3. For the destinations of the five regiments from Cork, see GW to Hancock, 4 Jan. 1776, n.3. The king’s orders were changed on 21 Sept. 1775. If none of the regiments had sailed for Boston, one of them was to go to Halifax and four to Quebec. If one regiment had sailed, one of the remaining regiments was to go to Halifax and three to Quebec, and if three had departed, one of those remaining was to go to Halifax and one to Quebec (Earl of Rochford to Lord Lieutenant of Ireland, 21 Sept. 1775, in Davies, Documents of the American Revolution description begins K. G. Davies, ed. Documents of the American Revolution, 1770–1783; (Colonial Office Series). 21 vols. Shannon and Dublin, 1972–81. description ends , 11:129).
4. William Augustus Montagu (1752–1776), youngest son of John Montagu, fourth earl of Sandwich (1718–1792), went to Lisbon in November 1775 seeking a warmer climate for his broken health and died there on 14 Jan. 1776. His father, who was first lord of the Admiralty, was criticized in Parliament for “sending a royal yacht with his son to Lisbon, which will cost the public 1,000l. when he might have gone in a packet for 50l.” William Augustus’s older brother, John Montagu, Viscount Hinchingbrooke (1744–1814), a member of Parliament for Huntingdonshire, replied that William Augustus “was in such a situation, that the noble lord, his father, had no other means of sending him” (Parliamentary History description begins The Parliamentary History of England, from the Earliest Period to the Year 1803. 36 vols. London, 1806–20. description ends , 18:842, 845). William Augustus was educated as a lawyer and was a member of Parliament for Huntingdonshire from 1774 to 1776.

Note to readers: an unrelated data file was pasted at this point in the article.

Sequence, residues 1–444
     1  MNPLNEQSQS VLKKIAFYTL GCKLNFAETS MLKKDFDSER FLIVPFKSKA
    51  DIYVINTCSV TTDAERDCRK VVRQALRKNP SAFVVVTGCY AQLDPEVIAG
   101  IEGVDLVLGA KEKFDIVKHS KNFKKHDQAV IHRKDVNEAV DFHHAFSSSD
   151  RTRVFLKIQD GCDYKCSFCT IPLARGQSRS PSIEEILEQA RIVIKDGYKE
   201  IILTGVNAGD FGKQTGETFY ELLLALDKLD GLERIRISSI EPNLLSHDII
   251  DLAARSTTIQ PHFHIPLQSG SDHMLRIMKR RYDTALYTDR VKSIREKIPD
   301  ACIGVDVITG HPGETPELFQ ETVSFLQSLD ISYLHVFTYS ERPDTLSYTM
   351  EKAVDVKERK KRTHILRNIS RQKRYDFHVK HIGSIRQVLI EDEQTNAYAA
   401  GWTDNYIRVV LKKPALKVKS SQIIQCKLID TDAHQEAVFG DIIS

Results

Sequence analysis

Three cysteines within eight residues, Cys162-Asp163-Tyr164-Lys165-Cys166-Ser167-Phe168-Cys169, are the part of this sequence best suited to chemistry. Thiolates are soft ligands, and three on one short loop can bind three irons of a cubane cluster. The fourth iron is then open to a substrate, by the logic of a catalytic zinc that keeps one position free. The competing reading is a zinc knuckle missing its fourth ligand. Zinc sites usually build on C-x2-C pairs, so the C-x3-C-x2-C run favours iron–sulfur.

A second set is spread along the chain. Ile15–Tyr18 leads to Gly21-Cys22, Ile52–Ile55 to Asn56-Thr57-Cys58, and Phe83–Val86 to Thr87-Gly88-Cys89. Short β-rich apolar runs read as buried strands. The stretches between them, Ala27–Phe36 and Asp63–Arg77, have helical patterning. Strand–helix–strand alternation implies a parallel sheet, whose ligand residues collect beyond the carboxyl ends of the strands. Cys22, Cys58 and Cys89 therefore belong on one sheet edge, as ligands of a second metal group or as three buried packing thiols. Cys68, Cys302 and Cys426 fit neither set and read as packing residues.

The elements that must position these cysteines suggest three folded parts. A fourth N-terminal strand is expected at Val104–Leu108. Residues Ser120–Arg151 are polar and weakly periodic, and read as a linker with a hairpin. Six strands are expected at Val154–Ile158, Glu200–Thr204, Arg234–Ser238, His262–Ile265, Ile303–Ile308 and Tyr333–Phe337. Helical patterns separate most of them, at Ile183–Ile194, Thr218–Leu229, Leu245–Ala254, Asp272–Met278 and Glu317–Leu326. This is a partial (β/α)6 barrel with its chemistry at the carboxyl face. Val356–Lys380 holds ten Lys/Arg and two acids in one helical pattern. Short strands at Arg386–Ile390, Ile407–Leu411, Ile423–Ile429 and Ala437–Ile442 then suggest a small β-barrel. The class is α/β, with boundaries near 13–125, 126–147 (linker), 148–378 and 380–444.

6. Francis Banks (d. 1777), captain of the fifty-gun warship Renown sailed from England for Boston in late September 1775 accompanied by another fifty-gun warship, one of thirty-two guns, and two other vessels. Near the Azores, Banks captured four American whaling brigs and a sloop all bound for the Falkland Islands. The captured vessels were sent to England where they were ordered to be returned to their owners. Banks commanded the Renown in American waters until his death at Newport in 1777.
7. Parr, Bulkeley & Co. was an English trading firm in Lisbon.